Tastemakers Houston 2017
Meet The Tastemakers

The 9 best chefs in Houston lead the way as creators and mentors

The 9 best chefs in Houston lead the way as creators and mentors

Centurion Lounge at IAH, Justin Yu, Sarah Frese, Chris Cracchiolo
Justin Yu, left, Better Luck Tomorrow and Oxheart.  Photo by Michelle Watson/Catchlight Group for American Express
101 Danny Trace, left, and Christopher Gray at Houston Ballet Raising the Barre March 2015
Danny Trace, left, formerly of Brennan's of Houston. Photo by © Michelle Watson/CatchLightGroup.com
Tastemaker Awards Underbelly Chris Shepherd Gary Ly
Chris Shepherd with Underbelly chef de cuisine Gary Ly. Photo by CultureMap
Eight Row Flint Coltivare Revival Ryan Pera
Ryan Pera, Agricole Hospitality. Photo by Joshua Black Wilkins
Xochi Hugo Ortega hot chocolate
Hugo Ortega, H Town Restaurant Group. Photo by Eric Sandler
Bobby Matos
Bobby Matos, State of Grace. Courtesy of Bobby Matos
Graham Laborde
Graham Laborde, Hunky Dory and Bernadine's. Courtesy of Graham Laborde
Ronnie Killen Killen's Burgers
Ronnie Killen, Killen's Restaurants. Photo by Eric Sandler
Houston, The Truffle Masters 2017, Jan 2017, Manabu Horiuchi, Kata Robata
Hori-san, Kata Robata. Photo by Daniel Ortiz
Centurion Lounge at IAH, Justin Yu, Sarah Frese, Chris Cracchiolo
101 Danny Trace, left, and Christopher Gray at Houston Ballet Raising the Barre March 2015
Tastemaker Awards Underbelly Chris Shepherd Gary Ly
Eight Row Flint Coltivare Revival Ryan Pera
Xochi Hugo Ortega hot chocolate
Bobby Matos
Graham Laborde
Ronnie Killen Killen's Burgers
Houston, The Truffle Masters 2017, Jan 2017, Manabu Horiuchi, Kata Robata

By any measure, Houston has achieved unprecedented levels of national attention for its diverse culinary scene. While lots of people deserve attention for the work they do to contribute to the city's overall success, these nine chefs selected as finalists for the CultureMap Tastemaker Awards Chef of the Year are helping lead the way both as the creators of dishes that people want to eat and by mentoring the city’s next generation of culinary talent.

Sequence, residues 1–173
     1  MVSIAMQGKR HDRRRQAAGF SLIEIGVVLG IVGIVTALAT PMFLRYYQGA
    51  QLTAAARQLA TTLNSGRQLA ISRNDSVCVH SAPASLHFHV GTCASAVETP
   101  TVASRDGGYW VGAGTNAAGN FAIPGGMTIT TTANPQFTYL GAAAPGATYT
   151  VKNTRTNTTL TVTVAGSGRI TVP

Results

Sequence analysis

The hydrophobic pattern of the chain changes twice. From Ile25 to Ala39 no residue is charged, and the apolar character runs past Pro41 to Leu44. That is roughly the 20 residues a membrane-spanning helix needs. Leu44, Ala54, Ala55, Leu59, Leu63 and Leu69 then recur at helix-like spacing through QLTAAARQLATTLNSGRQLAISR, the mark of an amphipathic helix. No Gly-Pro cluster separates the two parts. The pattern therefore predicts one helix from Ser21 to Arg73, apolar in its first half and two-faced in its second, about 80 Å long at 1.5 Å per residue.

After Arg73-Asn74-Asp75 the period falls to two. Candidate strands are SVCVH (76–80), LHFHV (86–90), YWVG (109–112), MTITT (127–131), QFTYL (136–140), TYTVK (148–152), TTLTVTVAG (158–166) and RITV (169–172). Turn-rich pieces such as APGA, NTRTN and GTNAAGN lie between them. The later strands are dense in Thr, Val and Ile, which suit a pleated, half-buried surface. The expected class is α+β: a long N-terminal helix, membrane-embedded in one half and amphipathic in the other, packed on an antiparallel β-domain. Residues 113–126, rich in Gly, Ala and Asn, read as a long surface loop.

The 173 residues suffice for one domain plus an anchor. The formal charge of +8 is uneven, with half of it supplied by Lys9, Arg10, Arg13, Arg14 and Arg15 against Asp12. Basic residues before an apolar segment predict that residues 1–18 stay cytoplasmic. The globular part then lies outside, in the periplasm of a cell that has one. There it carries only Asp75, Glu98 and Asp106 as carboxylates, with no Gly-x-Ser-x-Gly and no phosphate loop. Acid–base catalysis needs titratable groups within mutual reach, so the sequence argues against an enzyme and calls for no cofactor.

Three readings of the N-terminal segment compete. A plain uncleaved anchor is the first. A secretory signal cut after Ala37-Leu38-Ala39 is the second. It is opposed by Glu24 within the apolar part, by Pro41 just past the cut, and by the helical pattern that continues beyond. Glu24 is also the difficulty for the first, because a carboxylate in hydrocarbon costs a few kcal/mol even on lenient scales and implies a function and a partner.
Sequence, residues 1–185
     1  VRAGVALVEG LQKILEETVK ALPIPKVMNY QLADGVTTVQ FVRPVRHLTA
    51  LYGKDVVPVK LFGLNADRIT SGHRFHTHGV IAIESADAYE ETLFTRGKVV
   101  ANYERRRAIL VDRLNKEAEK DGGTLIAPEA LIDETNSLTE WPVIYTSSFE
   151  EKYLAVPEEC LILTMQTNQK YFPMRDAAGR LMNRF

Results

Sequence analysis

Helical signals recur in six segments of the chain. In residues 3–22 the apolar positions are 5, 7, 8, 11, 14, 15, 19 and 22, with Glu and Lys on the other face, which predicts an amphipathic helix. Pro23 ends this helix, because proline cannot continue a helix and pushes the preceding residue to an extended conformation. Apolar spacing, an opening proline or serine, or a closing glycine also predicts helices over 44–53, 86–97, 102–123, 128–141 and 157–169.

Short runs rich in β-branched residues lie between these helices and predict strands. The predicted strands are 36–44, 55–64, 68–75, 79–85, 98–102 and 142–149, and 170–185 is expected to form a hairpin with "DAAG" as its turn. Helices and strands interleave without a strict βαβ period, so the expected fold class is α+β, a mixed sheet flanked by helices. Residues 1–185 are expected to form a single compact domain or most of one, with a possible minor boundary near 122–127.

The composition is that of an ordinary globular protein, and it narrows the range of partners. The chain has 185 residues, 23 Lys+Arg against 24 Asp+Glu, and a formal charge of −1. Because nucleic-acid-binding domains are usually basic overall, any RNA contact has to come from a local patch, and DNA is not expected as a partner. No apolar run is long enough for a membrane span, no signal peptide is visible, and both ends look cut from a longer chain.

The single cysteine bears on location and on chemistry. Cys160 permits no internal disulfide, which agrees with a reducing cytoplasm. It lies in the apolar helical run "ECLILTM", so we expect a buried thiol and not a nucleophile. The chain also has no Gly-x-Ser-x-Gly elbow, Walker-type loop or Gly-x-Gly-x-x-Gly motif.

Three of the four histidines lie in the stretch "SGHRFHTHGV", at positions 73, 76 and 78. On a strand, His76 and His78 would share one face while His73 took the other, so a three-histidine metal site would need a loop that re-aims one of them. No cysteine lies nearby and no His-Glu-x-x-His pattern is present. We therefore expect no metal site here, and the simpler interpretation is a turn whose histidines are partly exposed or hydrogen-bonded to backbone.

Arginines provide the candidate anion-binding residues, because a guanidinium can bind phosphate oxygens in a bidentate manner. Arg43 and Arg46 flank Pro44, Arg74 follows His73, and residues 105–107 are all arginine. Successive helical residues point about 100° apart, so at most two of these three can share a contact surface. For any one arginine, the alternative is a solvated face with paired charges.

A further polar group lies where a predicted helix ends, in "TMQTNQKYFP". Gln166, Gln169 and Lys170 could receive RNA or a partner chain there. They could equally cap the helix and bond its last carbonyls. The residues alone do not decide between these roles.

That many of them are known for being inspired by Texas and the Gulf Coast also speaks to the simple truth that our local culinary traditions can hold their own with those from other parts of the country and the world. But of course, we’re also pretty excited about chefs who share their homeland’s culinary heritage with us, too.

As selected by our panel of restaurant industry experts, these nine men represent Houston’s culinary vanguard. Join us tomorrow (April 18) at Asia Society Texas for the Tastemaker Awards party where we’ll celebrate all of the nominees and emcee Bryan Caswell will reveal the winners. Tickets are going fast. Don’t miss out.

Manabu Horiuchi, Kata Robata
The unofficial title of “other chefs favorite chef” applies to a few members of this list, but a plurality would probably cite Hori-san as a top choice. His delicate knife work and creative use of ingredients mean that Kata’s off-the-menu specials are always worth sampling, and its status as Houston’s best sushi restaurant is secure. Those skills earned him a James Beard semifinalist nod this year. For the full Hori-san experience, nothing beats an omakase tasting where the chef prepares a number of dishes using the ingredients he’s most excited about that day. It also allows diners to experience his generous nature and sly sense of humor.

Ronnie Killen, Killen’s Restaurants
Over the last year or so, Killen has stayed busy by relocating his eponymous steakhouse to a new larger location, opened a high-quality burger joint, began serving his celebrated barbecue at NRG Stadium, and launched Killen’s STQ, which has been so popular that prime tables get booked as far as two months in advance. Credit the chef’s relentless drive to be the best for all his success, as well as an eye for talent that’s allowed him to staff his restaurants with dedicated professionals who keep everything running smoothly. While he could take a pause and enjoy his status as the city’s king of meat, he’s already said he’s looking to expand his barbecue restaurant to a new location.

Graham Laborde, Bernadine's/Hunky Dory
Having established Bernadine’s, the restaurant he named for his grandmother, as one of the city’s most reliable destinations for modern Southern cuisine, would probably be sufficient to earn Laborde, last year’s Rising Star Chef of the Year winner, a spot on this list. Since then, he’s been elevated to culinary director for both Bernadine’s and Hunky Dory, filling in the lead role after Richard Knight’s culinary departure. Despite Treadsack’s well-publicized struggles, Laborde still oversees two kitchen restaurants that turn out high quality food. Whatever the future holds for those concepts, his track record of success speaks to his talent, and that will serve him well anywhere.

Bobby Matos, State of Grace